This is the system used for centuries. You own a bank and want to make sure it can’t get robbed? You put in security systems that make robbing it difficult if not impossible. What you don’t do is start frisking every one in the city to see if they much have burglary tools in their pockets.

            • dbtheonly

              But again you’re confusing the two issues.

              Defense can carry you only so far if you don’t identify & stop the bad guys. They’ll get lucky & get through one day. Like hockey, defense gets you only so far.

            • Christopher Foxx

              Sure, there are limits to defense. If there weren’t, no bank would ever have been robbed.

              But the response to those limits isn’t to start encroaching on individual freedoms.

            • dbtheonly

              But Christopher, phone records haven’t been private for 30+ years. I don’t think even a warrant is required. The Judicial oversight was put into place to restrict the potential excesses of the Executive.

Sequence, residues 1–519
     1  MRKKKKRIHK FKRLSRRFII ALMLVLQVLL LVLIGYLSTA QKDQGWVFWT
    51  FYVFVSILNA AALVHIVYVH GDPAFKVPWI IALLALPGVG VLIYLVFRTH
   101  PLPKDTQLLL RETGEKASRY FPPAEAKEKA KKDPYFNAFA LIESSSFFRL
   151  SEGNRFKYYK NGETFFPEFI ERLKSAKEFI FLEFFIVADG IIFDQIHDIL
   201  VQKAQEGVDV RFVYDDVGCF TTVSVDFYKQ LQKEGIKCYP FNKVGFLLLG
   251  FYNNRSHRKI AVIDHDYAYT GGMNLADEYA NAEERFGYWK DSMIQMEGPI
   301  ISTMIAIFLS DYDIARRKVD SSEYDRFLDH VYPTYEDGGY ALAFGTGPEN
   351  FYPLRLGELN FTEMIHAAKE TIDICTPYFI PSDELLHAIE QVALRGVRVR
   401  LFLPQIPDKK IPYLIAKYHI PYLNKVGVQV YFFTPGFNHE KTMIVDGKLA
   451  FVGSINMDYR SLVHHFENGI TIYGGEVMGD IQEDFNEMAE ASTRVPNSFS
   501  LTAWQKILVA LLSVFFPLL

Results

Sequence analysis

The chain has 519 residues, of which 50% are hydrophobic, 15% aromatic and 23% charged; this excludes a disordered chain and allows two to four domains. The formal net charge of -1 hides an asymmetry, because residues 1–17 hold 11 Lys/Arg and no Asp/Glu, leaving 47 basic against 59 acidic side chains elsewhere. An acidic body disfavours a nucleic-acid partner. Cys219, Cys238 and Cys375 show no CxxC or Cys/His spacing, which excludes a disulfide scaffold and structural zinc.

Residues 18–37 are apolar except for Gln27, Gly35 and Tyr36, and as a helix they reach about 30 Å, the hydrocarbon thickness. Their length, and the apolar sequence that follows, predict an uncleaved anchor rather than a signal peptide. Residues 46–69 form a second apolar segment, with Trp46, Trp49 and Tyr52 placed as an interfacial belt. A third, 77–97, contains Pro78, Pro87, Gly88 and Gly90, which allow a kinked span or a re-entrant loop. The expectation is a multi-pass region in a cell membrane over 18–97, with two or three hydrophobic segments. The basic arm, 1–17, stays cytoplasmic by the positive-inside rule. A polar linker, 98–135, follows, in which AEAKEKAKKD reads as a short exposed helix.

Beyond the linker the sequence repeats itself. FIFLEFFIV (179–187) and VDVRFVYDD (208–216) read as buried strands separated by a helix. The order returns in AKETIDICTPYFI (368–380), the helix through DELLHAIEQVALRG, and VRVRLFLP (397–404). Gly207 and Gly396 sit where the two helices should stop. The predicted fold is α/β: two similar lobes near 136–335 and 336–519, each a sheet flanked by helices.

Now we may disagree about what the standards ought to be; but the system worked exactly as intended & it’s hard for me to see what the RWMO would have had President Obama do instead.

              And I see you & other well-meaning persons jumping on a Fox “Scandal du jour” to hammer the President.

            • Christopher Foxx

              (RWMO?)

              db, we may disagree about what the standards ought to be, but that doesn’t mean my motivation is just to find a reason to hammer the President.

            • dbtheonly

              Christopher,

              Right Wing Media Organization.

              I did not mean to imply that your motivation is to hammer the President. But Fox’s is. They create these “scandals du jour” and run with them. When you buy in to their story; you play their game.

            • Christopher Foxx

              When you buy in to their story; you play their game.